The events and energies of mundane, down-in-the-dirt reality inspire much of the poetry written in China today. However, against this imposing godlessness, Song Xiaoxian opposes a conspicuous religious element, and in poems written in plain, unmystical language he expresses his very personal sense of the divine.
The otherworldly, in Song’s experience, is a power or a feeling that occasionally disrupts the unremarkable routines of daily life. In the poem “Borrowed Light”, for example, it is the sight of some dawn-pink clouds that lend illumination to his ordinary life for a brief moment, and which compel him to murmur his “gratitude to Heaven”. Another poem, simply titled “God”, presents his idea of how the divine is connected to his own existence:
in a place my hearing cannot reach
a voice calls softly to me
in a place my seeing cannot reach
a pair of eyes watches me
in a place my skin cannot feel
gently a hand touches me
in a place I cannot imagine
someone is missing me
This religious dimension is perhaps also largely responsible for the strong social awareness apparent in Song’s work. He is not afraid to point out injustice. In “1958”, with the help of a few carefully deployed images, the poet sketches a damning response to the Great Leap Forward—a tragic example of Mao Zedong’s utopian politics that resulted in the death of millions of Chinese people from starvation. In another poem, “Notice”, he wonders aloud about the humanity of executing young criminals:
I saw 10 full-bodied characters in bold type
those printed names
had already been escorted to the execution ground
and shot, the youngest of them
was born in 1980
the notice was posted last August
it still looked fresh, the corpses of the dead criminals
had not yet decomposed
and were set to celebrate New Year
in the dirt
And so there is a noticeable see-sawing in Song’s poetry between the sweet and the bitter, between exultation and dismay. Not only does the inhuman treatment of people concern him; he also shows a compassionate interest in the way human beings relate to animals. In the whimsical short poem “Alarm Clock”, animals enjoy a tiny victory over the general human obsession with machines. In a longer poem, “The Jujube-Red Horse” (not translated here), Song describes an old horse’s friendly rapport with its owner:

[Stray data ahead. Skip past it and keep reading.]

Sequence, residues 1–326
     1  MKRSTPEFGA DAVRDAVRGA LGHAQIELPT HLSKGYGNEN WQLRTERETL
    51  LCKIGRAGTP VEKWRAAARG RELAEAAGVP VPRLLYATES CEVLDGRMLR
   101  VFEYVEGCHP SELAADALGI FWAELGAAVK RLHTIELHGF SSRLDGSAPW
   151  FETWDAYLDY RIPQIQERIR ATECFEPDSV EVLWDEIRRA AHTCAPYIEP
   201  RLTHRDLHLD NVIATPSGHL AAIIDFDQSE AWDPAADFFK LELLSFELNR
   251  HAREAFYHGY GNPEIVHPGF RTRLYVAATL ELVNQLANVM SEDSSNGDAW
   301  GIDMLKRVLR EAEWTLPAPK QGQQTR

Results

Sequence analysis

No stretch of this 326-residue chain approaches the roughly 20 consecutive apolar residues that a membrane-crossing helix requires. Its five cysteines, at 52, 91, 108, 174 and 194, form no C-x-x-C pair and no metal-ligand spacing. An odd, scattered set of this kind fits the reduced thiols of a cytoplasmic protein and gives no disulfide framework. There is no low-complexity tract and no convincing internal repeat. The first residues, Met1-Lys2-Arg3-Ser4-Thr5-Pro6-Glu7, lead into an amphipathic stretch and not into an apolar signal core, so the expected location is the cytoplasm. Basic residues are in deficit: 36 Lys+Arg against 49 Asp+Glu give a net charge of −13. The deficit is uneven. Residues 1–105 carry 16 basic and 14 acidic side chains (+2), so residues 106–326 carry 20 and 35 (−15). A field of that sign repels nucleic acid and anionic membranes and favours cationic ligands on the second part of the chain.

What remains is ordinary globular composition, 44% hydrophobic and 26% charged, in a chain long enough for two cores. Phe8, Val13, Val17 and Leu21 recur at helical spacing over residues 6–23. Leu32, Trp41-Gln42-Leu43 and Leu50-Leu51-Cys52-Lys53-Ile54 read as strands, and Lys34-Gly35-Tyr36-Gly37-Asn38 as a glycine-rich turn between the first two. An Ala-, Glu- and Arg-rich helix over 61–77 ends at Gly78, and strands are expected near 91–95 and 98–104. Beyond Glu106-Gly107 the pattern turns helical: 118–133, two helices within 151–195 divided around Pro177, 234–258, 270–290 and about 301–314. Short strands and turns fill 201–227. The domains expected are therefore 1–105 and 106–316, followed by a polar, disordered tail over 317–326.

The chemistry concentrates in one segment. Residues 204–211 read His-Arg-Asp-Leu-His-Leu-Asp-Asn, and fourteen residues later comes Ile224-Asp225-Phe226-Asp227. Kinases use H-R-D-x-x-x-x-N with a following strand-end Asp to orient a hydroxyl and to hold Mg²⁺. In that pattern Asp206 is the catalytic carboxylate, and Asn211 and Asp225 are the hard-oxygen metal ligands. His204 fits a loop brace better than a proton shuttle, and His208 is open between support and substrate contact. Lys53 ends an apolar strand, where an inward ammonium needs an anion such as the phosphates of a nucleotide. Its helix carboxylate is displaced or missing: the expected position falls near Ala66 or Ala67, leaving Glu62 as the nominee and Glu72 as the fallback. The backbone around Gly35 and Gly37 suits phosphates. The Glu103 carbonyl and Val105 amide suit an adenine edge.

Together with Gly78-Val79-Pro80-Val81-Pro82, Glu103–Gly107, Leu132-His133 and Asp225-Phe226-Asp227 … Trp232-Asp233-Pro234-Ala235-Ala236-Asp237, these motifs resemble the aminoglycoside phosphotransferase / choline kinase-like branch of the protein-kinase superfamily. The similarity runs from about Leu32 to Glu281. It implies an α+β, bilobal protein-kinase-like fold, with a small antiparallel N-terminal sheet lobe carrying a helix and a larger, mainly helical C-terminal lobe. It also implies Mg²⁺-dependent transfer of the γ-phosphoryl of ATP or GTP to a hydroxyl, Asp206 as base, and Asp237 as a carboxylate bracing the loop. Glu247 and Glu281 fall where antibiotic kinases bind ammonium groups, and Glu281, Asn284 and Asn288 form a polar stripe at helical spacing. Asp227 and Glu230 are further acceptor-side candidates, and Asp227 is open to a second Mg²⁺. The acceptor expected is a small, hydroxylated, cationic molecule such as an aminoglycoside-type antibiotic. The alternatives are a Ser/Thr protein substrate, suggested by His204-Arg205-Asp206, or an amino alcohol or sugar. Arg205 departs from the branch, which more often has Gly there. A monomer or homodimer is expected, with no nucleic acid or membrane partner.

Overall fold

it spends each night
out alone in the open
all sorts of things must happen to it during the night
but it’s always there again the next day
it says nothing, though perhaps
it has travelled a long way, helping a lost child
find his way home
or has crossed the Hailar River
with a girl, returning at dawn
to its old spot
nuzzling its owner . . .
On the other hand, in the awful, bleak poem “Enormous Appetite”, Song unsentimentally confronts the brutal fact of humanity’s insatiable hunger for animal flesh. In this Song has possibly been influenced by the small but growing ecological trend in contemporary Chinese literature and its attack on human-centred thinking.
Wisely, Song realizes that sadness is a saner source of poetry than joy or satisfaction. In “Bruises” he writes: at those times when I plunge into despair / my heart feels / pure, calm / sensitive and rich in heightened emotions / thanks to the cleansing power of tears. Although readers will find Song’s language plain to the point of prose at times, the sensitivity and heightened emotions of his poetry nearly adequately compensate for this shortcoming. It’s as it the poet deliberately pares down his words in order to create a shocking contrast between what he feels and thinks, on the one hand, and the linguistic means he uses to express himself. The poem “Blind Girl”—which reworks the cliché of love being blind—is a startling demonstration of this approach.
Song Xiaoxian is a relatively new poet. Born in Hubei province, he graduated from the Chinese department of Beijing’s Capital Normal University in 1989 and began writing poetry in 1992. He has published two individual collections to date, and is regularly published in anthologies such as the Chinese New Poetry Yearbook. He currently lives in the city of Guangzhou where he works for a newspaper.
Meng de gesheng (Dream of singing). Poems.
Kaishi (Beginnings). Poems by eight poets.
Malan kaihua ershiyi (On the aster twenty-one flowers bloom). Poems.
Also on this site
Sincerity and Resistance to Suffering at Our Backs
Essay about Song Xiaoxian.